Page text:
England’s Local Authority Waste To Landfill Halves In Five Years

10-05-13(2)picRecycling of England’s household waste reached 47 percent between July and September 2012, up two percentage points from a year previously, according to statistics released by Defra.

The annual rate now stands at 44 percent of household waste being recycled (including composted and reused).

Defra insists the drop is due to seasonal fluctuations.

Total household waste was over 6m tonnes between July and September 2012, an increase of three percent compared to a year previously (Includes recycling, compost and re-use).

“In the last 5 years household waste for recycling, composting or re-use has increased by 17 percent, while residual household waste has fallen by 25 percent”

The stats also show that 2.3m tonnes of local authority collected waste between July and September 2012 went to landfill, down nice percent from a year previously, and that 1.4m tonnes of local authority collected waste between July and September 2012 went for incineration, up 14 percent from a year previously.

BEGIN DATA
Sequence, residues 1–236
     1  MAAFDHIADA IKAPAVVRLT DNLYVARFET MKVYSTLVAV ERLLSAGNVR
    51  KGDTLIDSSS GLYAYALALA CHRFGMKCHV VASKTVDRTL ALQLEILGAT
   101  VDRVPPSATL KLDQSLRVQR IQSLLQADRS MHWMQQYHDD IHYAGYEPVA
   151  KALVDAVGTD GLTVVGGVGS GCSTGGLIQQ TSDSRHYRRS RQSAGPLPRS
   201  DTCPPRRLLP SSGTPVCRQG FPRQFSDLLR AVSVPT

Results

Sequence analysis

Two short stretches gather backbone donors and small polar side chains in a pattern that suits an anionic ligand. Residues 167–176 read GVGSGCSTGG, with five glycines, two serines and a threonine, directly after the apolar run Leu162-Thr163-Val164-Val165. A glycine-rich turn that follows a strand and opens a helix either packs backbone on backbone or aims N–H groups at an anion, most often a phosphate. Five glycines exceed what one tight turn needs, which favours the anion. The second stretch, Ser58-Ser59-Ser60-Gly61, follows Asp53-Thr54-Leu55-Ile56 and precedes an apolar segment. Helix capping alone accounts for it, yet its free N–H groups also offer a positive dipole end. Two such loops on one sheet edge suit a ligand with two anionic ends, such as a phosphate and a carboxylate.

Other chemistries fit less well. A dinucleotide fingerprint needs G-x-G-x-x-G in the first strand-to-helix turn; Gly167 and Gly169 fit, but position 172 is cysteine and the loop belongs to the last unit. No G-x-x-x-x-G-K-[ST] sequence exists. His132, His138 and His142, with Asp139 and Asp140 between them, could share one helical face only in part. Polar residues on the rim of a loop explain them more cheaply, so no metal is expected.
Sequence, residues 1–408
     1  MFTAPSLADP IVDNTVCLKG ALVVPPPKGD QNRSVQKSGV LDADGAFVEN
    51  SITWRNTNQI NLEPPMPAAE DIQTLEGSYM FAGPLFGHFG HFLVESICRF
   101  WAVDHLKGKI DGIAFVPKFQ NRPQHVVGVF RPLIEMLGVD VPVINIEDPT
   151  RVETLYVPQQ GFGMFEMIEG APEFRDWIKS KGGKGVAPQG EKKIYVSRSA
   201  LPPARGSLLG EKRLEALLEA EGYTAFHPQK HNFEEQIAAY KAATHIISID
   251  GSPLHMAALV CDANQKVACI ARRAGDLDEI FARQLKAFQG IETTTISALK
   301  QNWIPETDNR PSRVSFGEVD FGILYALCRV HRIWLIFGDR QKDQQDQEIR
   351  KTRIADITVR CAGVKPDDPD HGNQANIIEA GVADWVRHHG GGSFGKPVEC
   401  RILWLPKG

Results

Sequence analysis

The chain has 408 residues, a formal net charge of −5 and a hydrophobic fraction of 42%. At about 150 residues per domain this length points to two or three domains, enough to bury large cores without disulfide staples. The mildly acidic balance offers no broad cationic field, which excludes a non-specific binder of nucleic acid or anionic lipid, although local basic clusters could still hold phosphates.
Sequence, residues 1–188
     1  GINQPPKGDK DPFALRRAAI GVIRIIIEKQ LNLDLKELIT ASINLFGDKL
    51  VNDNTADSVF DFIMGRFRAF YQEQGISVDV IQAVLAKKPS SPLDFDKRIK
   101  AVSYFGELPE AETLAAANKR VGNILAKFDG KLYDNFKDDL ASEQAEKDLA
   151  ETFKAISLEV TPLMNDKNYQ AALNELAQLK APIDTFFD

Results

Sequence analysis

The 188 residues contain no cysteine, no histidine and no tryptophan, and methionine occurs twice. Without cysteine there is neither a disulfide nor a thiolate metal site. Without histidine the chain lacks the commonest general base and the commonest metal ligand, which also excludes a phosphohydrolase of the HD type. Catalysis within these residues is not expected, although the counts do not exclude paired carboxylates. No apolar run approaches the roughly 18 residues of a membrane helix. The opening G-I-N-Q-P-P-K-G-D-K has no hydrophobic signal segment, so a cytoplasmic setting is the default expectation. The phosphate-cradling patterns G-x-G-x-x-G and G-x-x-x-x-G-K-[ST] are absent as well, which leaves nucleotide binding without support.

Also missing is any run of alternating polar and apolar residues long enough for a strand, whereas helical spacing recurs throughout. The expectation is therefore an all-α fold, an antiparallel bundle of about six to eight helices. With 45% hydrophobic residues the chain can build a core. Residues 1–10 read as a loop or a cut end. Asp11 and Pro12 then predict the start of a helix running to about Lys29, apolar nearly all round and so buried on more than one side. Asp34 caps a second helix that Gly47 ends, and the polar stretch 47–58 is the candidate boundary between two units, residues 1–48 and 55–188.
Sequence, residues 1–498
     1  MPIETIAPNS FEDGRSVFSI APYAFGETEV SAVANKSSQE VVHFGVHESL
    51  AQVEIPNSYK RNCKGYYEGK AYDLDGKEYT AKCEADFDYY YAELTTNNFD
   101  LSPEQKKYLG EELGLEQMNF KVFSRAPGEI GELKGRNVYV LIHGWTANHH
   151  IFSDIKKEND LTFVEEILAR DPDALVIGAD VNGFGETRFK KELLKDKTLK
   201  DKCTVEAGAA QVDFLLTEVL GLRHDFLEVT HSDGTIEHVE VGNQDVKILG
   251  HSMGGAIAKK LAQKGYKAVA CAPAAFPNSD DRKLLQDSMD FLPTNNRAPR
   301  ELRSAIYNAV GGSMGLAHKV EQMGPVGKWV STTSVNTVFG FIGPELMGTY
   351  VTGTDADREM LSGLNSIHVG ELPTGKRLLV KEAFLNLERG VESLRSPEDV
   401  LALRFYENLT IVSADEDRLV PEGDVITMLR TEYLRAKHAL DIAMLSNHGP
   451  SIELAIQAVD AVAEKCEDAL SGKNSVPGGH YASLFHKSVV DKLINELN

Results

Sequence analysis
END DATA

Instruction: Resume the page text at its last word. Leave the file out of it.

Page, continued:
Central government use these statistics to monitor progress against the revised Waste Framework Directive target of 50 percent household waste recycling by 2020.

In the last 5 years household waste for recycling, composting or re-use has increased by 17 percent, while residual household waste has fallen by 25 percent.

Local authority managed waste going to landfill has almost halved in the last 5 years (down 45 percent).

Local authority managed waste going for incineration has increased by 60 percent in the last five years, with an increase of 14 percent in the last year.

Defra believes landfill tax is the main driver for local authorities to reduce waste to landfill.

Covers waste collected and managed by local authorities in England from July to September 2012. Datasets for England and its regions are available to download.

 

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